You’ll find, in fact, that the disagreements sound pretty contemporary. There was one difference, though: in the New Testament, Christians in Corinth or Rome or Thessalonica couldn’t just leave one church and go down the block to another. What you did was stay, and show each other grace, and give each other the benefit of the doubt, and put each other first, and show the same forgiveness you had received from Jesus. And, when it was hard to do any of that, you’d just “bear with” each other. And you’d remember that, in Jesus, you’d been called to peace.
    I know that, on some level, it matters whether a church uses musical instruments or doesn’t. I understand that real convictions are involved. But I also know that, compared to what the fiddlin’ and non-fiddlin’ brethren share in common, it’s a century-old “shoe/pot” division. And I would very much like to not bequeath that division to my son.
    Maybe you can apply some of that to some things going on down at your own church. Maybe the Anglos and Hispanics at your church are having a hard time coexisting. Maybe the Democrats and Republicans aren’t sitting together much anymore. Maybe your church is struggling to figure out how to treat the poor among you with justice, respect, and dignity. Maybe some dispute over how to understand a particular set of texts and doctrines is threatening to divide you.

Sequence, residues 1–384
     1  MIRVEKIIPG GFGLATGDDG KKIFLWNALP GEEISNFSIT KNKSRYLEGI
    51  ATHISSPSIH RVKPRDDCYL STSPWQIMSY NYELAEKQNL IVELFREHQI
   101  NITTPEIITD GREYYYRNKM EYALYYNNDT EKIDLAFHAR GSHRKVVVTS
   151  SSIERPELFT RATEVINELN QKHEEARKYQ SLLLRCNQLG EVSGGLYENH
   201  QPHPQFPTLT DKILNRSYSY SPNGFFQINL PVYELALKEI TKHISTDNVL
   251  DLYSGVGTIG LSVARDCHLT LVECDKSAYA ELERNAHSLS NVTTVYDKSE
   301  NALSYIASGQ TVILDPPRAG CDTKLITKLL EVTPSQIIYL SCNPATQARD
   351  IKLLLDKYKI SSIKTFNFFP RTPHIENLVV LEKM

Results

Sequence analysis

Stuff like that is hard to handle, and scary. All I can say to you, in the words of Roger Williams, is, “We find not in the Gospel, that Christ hath anywhere provided for the uniformity of churches, but only for their unity.” In short, if you’re praying for every church to look, think, and act in exactly the same ways, you might be praying for the wrong thing. Williams, in the end, despaired of unity being possible. I’m somewhat more optimistic, if only because I believe that it’s the will of the One who has called us together, the One whose name we bear, and the One in whom we all live.
    “Let the peace of Christ rule in your hearts,” Paul wrote, and that applies to fiddlin’ and non-fiddlin’ brethren alike. Because, in him, we are brethren - family - and we’re called to peace. If we let the peace of Christ overrule the pride, self-interest, fear, and anger that makes us unable to admit we might not have all the answers, we might take the first steps toward the unity that the Lord wants - expects - in his church.